1. You’re so me in the 4th point. Instead of taking English as a “British” language, we should focus more on developing our communication with people worldwide. English is the most common language in the world. Whether we Like it or not, one can’t progress much in this decade without learning it.
    Those people in India who says that, speak in a regional language or Hindi doesn’t even know that there isn’t any national language in India. India has two official language, Hindi & English.
    Communication is the key, not language. If someone knows Hindi then I’ll speak to them in Hindi else English.
    Moreover, to those who calls you “angrej,” ask them not use any Railway Line for travel along with so many other inventions that britishers introduced.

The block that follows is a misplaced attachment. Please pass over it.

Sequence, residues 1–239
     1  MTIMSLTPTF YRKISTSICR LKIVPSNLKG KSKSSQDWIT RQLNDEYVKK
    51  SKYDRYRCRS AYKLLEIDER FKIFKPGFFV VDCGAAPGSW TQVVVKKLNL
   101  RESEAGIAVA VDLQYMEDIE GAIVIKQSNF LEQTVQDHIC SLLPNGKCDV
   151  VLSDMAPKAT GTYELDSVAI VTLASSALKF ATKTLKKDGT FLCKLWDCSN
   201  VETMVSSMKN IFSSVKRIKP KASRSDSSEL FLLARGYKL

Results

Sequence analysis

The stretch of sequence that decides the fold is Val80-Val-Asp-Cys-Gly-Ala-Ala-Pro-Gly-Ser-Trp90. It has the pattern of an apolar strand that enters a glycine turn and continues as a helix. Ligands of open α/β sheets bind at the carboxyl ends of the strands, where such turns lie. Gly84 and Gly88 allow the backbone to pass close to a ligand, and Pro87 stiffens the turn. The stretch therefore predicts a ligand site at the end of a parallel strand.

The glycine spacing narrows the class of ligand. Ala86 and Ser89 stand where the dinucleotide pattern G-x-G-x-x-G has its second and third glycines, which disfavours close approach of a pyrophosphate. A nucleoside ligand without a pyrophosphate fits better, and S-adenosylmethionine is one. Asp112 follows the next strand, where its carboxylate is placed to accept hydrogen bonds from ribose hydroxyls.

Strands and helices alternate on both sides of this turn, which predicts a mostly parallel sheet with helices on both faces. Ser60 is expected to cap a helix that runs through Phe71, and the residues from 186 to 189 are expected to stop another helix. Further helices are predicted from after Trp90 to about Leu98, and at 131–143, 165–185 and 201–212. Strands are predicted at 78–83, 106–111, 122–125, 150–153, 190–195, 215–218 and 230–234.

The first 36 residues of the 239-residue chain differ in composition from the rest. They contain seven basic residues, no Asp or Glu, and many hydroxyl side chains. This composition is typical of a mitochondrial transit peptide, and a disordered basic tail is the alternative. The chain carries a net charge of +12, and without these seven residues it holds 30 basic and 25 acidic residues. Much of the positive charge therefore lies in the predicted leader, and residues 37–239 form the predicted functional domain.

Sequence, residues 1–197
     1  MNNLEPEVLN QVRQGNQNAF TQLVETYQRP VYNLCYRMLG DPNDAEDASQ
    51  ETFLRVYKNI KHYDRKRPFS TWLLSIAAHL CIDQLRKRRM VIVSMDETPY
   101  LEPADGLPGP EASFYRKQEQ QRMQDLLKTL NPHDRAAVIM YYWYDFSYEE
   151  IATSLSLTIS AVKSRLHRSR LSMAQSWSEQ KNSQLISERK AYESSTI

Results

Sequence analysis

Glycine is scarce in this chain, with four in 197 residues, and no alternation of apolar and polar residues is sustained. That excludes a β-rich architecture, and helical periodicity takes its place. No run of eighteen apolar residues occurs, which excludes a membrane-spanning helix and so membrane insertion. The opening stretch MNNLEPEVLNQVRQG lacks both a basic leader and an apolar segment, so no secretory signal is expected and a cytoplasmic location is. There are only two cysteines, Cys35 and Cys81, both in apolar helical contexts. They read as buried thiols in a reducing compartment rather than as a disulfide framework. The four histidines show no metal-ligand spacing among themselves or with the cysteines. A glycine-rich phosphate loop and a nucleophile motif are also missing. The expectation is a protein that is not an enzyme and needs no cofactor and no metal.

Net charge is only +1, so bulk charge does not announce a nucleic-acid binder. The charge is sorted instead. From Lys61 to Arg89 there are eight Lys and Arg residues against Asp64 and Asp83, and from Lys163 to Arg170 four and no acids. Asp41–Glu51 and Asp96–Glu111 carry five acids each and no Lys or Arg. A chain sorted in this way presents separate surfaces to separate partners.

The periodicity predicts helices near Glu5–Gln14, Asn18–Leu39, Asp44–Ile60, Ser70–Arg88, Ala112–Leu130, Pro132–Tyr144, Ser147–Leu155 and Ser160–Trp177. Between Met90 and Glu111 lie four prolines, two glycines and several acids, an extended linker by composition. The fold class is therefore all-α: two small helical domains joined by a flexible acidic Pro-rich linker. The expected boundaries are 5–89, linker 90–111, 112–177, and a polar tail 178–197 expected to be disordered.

Liked by 1 person

  2. SO DAMN TRUE!
    We also miss out on most those author conferences.
    And about pt 4, relateable! I feel this familiarity towards english that i don’t towards my mother tongue and idk what problem people have with that

    Liked by 1 person

  3. Yay, we got a part II! ๐Ÿค— I don’t care about ARCs or TikTok – the latter is even available here, but I’m not going down that rabbit hole when I already spend way too much time on YouTube ๐Ÿคฃ – but the giveaway thing is so true!!! Or signed copies, for that matter l… So many authors offer signed copies of their books – but to US readers only ๐Ÿ˜ญ

    And as for the bad Indian rep – I guess the market is just waiting for you to publish your own book educating us foreign dummies on all those other holidays! ๐Ÿ˜‰๐Ÿค—

    Liked by 1 person

    1. Yes!
      Ah, I see, that’s true- also do you mean unvailable?